The black people on the walls of the David C. Driskell Center are remarkably fashionable. They’re dressed in zoot suits, corsets, furs and poofy blouses, some wearing nothing. There’s the continuity of everyday life — a group of young women sitting on the steps of what is now Clark Atlanta University, a man in Harlem getting into a cab — and the charm of iconic black celebrities, such as Denzel Washington, Marvin Hagler, Michelle Obama and Serena Williams.
“Posing Beauty in African American Culture” — one of the largest exhibits the center has hosted to date, with 90 pieces by 51 artists — aims to highlight the positive ways in which black people have been represented in avenues such as fashion and advertising. The oldest piece dates back to 1898.
“My hope is that [visitors] will understand that beauty is not only something to please the eye, but it also can have very strong social, political messages,” said Dorit Yaron, deputy director of the center.
The exhibit is split into three sections. “Constructing a Pose” explores the way people decide to show themselves and the dynamic between a photographer and their subject. “Body and Image” analyzes beauty through the body. “Modeling Beauty and Beauty Contests” is a look at how mass media and culture shape our definitions and perceptions of beauty.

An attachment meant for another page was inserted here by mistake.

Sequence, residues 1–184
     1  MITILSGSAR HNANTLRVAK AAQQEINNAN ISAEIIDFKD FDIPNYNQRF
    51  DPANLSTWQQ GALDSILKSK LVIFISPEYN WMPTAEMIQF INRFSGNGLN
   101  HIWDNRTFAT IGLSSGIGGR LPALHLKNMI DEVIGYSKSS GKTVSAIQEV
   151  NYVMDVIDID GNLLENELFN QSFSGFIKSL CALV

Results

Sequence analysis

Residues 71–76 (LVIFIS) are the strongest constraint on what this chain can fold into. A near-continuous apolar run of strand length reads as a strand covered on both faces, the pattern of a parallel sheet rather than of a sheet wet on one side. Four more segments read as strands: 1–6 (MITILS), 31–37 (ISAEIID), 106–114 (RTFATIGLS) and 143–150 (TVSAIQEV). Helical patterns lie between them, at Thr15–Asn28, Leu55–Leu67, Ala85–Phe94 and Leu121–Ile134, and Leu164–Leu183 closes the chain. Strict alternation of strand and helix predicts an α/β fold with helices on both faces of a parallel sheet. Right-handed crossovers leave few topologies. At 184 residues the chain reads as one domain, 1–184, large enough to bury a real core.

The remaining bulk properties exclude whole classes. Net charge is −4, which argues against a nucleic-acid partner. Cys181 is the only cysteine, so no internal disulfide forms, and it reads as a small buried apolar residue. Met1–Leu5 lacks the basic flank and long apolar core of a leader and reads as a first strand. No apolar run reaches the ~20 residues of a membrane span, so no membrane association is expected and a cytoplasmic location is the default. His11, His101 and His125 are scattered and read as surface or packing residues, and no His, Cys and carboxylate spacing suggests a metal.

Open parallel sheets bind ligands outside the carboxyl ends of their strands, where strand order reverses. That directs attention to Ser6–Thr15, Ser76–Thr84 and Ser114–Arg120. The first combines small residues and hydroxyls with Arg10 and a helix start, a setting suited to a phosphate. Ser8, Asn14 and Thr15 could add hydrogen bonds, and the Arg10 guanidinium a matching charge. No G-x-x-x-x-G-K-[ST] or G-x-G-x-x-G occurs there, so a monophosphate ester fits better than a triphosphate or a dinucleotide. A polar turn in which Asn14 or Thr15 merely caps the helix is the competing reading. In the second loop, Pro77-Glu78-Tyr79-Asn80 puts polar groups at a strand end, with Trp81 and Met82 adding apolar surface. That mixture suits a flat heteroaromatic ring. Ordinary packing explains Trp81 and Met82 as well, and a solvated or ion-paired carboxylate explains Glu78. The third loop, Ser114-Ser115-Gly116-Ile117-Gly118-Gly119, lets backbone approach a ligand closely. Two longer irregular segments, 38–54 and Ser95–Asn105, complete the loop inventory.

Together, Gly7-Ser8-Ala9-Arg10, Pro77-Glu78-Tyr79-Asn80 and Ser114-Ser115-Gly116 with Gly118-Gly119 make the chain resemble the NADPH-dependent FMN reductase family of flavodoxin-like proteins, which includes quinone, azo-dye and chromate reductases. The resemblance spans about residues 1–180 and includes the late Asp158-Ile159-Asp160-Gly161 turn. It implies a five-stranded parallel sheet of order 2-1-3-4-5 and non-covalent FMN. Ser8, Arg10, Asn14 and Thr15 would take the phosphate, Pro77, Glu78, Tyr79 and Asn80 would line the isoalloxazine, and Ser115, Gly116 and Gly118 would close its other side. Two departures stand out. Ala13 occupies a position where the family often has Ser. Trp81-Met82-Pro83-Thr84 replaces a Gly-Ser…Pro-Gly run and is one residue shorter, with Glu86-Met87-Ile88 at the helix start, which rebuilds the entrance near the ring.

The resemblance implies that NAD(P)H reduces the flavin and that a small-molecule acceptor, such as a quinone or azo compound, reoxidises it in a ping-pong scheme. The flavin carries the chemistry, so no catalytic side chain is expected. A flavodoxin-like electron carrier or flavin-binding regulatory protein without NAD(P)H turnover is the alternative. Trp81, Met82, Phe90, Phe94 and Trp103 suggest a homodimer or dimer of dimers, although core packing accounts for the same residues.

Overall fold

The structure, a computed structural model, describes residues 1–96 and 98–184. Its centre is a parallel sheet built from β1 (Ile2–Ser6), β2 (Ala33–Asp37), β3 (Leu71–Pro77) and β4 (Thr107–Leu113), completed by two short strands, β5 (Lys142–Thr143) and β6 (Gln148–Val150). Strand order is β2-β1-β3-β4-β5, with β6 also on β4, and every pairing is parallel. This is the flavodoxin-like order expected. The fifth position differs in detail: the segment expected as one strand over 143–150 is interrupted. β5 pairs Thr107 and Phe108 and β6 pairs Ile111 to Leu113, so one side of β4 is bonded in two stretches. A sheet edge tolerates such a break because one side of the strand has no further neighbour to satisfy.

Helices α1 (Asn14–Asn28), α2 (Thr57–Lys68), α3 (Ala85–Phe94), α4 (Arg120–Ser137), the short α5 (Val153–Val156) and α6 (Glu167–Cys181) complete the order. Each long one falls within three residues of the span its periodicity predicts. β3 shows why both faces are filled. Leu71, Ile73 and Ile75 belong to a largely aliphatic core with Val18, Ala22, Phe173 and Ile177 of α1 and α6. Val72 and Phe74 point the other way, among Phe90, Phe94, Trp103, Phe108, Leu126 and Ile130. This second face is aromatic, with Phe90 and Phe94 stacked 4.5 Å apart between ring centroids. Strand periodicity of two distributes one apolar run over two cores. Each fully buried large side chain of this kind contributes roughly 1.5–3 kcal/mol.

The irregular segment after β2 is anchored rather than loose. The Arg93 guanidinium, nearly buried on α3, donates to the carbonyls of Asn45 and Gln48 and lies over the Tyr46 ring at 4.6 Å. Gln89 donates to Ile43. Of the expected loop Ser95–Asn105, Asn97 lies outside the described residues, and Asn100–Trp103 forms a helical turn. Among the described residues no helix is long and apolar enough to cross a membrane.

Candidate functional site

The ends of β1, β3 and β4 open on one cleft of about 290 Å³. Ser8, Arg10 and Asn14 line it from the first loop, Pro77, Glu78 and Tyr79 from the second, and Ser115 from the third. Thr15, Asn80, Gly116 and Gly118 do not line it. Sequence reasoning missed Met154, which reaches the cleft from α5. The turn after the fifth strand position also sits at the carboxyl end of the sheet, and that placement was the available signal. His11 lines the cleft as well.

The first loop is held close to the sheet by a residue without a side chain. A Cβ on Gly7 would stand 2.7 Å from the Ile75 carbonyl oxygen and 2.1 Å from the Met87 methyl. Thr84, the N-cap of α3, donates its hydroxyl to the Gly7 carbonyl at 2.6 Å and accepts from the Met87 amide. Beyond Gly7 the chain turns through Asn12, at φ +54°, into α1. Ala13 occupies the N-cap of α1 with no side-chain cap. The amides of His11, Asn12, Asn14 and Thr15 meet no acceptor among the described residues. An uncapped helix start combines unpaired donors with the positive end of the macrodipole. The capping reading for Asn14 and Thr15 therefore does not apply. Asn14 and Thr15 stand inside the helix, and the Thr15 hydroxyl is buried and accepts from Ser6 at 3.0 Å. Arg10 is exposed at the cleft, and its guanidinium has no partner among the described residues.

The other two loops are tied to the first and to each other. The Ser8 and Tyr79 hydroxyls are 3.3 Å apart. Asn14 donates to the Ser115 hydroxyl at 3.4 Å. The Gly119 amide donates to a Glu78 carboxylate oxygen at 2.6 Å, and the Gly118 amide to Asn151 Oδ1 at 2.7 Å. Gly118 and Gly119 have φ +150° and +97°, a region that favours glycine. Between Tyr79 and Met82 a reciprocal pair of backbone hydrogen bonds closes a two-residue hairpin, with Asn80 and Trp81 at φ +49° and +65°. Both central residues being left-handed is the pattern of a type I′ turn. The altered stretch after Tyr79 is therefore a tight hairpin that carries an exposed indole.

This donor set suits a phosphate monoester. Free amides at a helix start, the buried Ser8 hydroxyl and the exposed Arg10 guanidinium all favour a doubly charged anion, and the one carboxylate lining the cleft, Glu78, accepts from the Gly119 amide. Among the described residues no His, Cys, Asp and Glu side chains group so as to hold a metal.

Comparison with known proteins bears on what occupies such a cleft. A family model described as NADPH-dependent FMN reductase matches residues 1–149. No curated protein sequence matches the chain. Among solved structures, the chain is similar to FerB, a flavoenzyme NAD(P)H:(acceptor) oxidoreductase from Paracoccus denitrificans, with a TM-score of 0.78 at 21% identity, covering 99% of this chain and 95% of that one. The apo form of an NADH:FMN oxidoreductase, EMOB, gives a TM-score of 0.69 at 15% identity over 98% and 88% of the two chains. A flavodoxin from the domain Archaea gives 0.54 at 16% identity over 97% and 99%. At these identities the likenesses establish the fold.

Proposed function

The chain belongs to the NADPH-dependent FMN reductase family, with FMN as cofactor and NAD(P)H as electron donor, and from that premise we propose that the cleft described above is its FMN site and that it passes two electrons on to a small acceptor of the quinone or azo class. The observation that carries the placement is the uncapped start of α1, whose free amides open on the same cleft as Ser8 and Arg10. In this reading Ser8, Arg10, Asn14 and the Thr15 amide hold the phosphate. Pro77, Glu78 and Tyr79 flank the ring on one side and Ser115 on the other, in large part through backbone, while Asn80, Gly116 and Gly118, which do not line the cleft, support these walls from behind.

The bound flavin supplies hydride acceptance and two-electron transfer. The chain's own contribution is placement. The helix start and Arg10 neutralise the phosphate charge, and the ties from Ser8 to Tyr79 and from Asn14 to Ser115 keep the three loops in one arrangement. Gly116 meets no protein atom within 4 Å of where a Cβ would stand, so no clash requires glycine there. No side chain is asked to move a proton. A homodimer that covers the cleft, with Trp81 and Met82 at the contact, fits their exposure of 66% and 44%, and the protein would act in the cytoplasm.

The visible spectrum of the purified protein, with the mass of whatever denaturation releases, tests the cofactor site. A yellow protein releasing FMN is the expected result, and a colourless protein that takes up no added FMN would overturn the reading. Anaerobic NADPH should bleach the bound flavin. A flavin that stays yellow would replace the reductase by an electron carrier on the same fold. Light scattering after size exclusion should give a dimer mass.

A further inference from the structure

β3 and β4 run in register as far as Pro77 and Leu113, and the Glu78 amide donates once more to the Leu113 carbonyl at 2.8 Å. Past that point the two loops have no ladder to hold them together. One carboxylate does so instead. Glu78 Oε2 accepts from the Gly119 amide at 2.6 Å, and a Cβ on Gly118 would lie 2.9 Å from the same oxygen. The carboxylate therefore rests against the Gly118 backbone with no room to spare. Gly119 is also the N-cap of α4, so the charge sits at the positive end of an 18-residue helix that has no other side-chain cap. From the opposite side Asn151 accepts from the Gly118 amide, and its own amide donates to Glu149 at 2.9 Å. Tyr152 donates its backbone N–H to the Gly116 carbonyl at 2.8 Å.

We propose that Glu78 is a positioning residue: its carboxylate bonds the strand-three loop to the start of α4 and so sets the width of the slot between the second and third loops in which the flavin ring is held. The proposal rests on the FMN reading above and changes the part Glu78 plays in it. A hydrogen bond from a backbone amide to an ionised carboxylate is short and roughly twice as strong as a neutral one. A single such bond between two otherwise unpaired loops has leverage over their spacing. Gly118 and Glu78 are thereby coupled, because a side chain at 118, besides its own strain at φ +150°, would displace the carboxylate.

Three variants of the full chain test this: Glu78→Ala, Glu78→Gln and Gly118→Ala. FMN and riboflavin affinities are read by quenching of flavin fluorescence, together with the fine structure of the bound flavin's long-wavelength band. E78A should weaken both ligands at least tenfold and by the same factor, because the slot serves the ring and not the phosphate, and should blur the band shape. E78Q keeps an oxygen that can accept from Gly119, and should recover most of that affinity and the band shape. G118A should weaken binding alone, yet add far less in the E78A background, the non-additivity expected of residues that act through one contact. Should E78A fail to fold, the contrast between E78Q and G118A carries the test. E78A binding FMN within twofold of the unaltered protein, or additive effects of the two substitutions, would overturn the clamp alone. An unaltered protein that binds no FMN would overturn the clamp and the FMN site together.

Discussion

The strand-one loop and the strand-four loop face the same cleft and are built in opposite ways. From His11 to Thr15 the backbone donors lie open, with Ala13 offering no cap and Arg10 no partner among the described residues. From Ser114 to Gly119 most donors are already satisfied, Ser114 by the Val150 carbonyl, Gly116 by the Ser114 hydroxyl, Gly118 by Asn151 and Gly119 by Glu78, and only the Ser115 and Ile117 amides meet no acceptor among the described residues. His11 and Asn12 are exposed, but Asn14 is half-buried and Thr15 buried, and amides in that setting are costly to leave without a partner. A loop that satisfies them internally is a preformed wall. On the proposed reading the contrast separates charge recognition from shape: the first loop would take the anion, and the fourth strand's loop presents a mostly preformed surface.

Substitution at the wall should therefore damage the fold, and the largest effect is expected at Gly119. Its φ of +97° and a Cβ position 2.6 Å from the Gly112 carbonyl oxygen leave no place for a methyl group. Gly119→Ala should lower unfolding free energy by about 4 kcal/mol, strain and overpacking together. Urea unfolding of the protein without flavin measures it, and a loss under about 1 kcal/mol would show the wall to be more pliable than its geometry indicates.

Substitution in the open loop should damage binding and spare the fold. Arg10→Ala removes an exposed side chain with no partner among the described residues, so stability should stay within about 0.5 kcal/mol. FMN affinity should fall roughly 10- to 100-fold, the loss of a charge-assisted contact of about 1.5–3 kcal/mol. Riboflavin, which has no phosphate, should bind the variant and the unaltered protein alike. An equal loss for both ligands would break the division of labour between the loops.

“Posing Beauty” was curated by Deborah Willis, the chairwoman of the photography and imaging department at New York University’s Tisch School of the Arts.
Aside from two video pieces, the exhibit is composed of photographs, with black women prominently featured. There is a mock-up advertisement for Dark n’ Lovely relaxer, where a quote from poet Audre Lorde reads, “Is your hair still political? Tell me when it starts to burn.”
On the way out of the gallery, there is a corkboard on the wall where visitors are encouraged to write their thoughts and feelings about the center’s latest exhibit on a neon-colored piece of paper. “Inspired,” reads one. “Empowered,” reads another.
At the very back of the right wall, in the “Body and Image” section, there is a photo by Renee Cox of a nude woman elegantly sitting in a mustard sofa chair with her back facing the camera. It’s Baby Back from Cox’s series, American Family, and it’s one of Yaron’s favorites.
“This is a dialogue within art history,” Yaron said. “Because many artists have photographed or painted or drew their models this way. She is inserting an African-American figure into a dialogue about the female body that normally is portrayed over the years by white models or by white artists.”